GCHQ is taking on Russian fake news bots with plans to use artificial intelligence (AI) to find troll farms, it has been announced.
Britain’s cyber spy agency has outlined how it protects the country against state-backed disinformation campaigns and other cyber attacks using AI.
Shadowy organisations such as Russia’s Internet Research Agency, the St Petersburg-based troll farm indicted in the US for meddling in the 2016 Presidential election, will come under increased scrutiny.
In a paper released today titled Ethics of AI: Pioneering a New National Security, GCHQ has explained how it counters malign foreign cyber attacks, whilst adhering to an “ethical framework for using AI in operations”.
Jeremy Fleming, the GCHQ Director, said AI “allows our brilliant analysts to manage vast volumes of complex data and improves decision-making in the face of increasingly complex threats – from protecting children to improving cyber security.
“While this unprecedented technological evolution comes with great opportunity, it also poses significant ethical challenges for all of society, including GCHQ.
“Today we are setting out our plan and commitment to the ethical use of AI in our mission. I hope it will inspire further thinking at home and abroad about how we can ensure fairness, transparency and accountability to underpin the use of AI.”
The paper describes how hostile states can use AI to mount disinformation attacks by automating the production of fake news and other content to undermine public debate.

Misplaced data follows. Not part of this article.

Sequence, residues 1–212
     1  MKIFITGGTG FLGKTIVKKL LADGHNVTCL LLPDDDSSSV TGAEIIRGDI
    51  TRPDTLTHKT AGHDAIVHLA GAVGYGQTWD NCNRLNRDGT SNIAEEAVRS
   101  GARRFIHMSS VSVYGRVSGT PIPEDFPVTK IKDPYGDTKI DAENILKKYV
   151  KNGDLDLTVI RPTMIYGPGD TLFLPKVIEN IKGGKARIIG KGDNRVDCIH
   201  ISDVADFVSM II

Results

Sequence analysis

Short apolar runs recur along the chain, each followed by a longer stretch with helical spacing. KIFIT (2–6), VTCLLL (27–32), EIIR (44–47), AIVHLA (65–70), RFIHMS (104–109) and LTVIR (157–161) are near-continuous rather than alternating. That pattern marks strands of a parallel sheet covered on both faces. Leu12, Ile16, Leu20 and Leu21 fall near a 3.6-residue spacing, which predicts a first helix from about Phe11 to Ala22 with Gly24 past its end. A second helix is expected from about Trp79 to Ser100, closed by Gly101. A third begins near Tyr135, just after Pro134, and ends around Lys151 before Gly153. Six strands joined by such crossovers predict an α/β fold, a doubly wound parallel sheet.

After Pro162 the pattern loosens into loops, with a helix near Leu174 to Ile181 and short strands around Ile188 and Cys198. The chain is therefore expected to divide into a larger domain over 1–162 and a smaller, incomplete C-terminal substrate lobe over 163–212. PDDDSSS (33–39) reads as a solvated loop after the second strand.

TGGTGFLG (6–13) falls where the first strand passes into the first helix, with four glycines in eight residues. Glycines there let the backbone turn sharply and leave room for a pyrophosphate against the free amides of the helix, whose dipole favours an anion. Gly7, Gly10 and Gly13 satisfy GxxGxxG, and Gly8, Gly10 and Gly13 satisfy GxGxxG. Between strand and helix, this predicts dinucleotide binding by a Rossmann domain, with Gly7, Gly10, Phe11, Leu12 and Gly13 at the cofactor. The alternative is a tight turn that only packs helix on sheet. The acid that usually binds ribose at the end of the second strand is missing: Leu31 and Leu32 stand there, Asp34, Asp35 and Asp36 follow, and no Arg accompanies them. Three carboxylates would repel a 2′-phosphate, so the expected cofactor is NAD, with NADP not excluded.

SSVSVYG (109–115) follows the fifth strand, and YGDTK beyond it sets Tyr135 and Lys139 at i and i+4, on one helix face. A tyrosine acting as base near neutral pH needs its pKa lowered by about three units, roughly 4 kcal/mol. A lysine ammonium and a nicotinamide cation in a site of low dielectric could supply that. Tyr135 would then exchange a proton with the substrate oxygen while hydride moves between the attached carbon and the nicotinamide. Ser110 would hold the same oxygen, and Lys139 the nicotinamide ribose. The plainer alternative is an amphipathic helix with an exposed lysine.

This could include the production of “deepfake” videos with fictional but very convincing content. False audio material designed to mislead can also be produced with AI.
“A growing number of states are using AI-enabled tools and techniques to pursue political ends by spreading disinformation to shape public perceptions and undermine trust,” the paper states.
GCHQ says it uses AI to assist in tackling this threat by fact checking information with trusted sources, detecting when images and videos have been altered and blocking botnets – networks of private computers infected with malicious software and controlled as a group without the owners’ knowledge, that are used to send spam and other malicious material.
So-called troll farms, organisations making deliberately offensive or provocative online posts to cause conflict or manipulate public opinion, are being targeted by GCHQ.
The report says AI will help identify such places “so that online operations could be mounted to counteract these malicious accounts”.
Russia has, in recent years, made a number of attempts “to disrupt our own and our allies’ way of life”, and GCHQ also responded to the release of the online WannaCry attack by North Korean cyber actors, the report says.